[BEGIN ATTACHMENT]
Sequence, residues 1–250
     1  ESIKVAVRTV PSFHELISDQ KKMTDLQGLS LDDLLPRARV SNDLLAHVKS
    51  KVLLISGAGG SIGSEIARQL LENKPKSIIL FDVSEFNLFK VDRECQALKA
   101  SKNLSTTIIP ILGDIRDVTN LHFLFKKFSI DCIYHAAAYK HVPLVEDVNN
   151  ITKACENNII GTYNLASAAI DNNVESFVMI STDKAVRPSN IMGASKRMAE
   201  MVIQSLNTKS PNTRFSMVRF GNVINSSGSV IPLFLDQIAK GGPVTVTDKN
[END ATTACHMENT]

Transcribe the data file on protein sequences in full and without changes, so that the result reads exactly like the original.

Sequence, residues 1–250
     1  ESIKVAVRTV PSFHELISDQ KKMTDLQGLS LDDLLPRARV SNDLLAHVKS
    51  KVLLISGAGG SIGSEIARQL LENKPKSIIL FDVSEFNLFK VDRECQALKA
   101  SKNLSTTIIP ILGDIRDVTN LHFLFKKFSI DCIYHAAAYK HVPLVEDVNN
   151  ITKACENNII GTYNLASAAI DNNVESFVMI STDKAVRPSN IMGASKRMAE
   201  MVIQSLNTKS PNTRFSMVRF GNVINSSGSV IPLFLDQIAK GGPVTVTDKN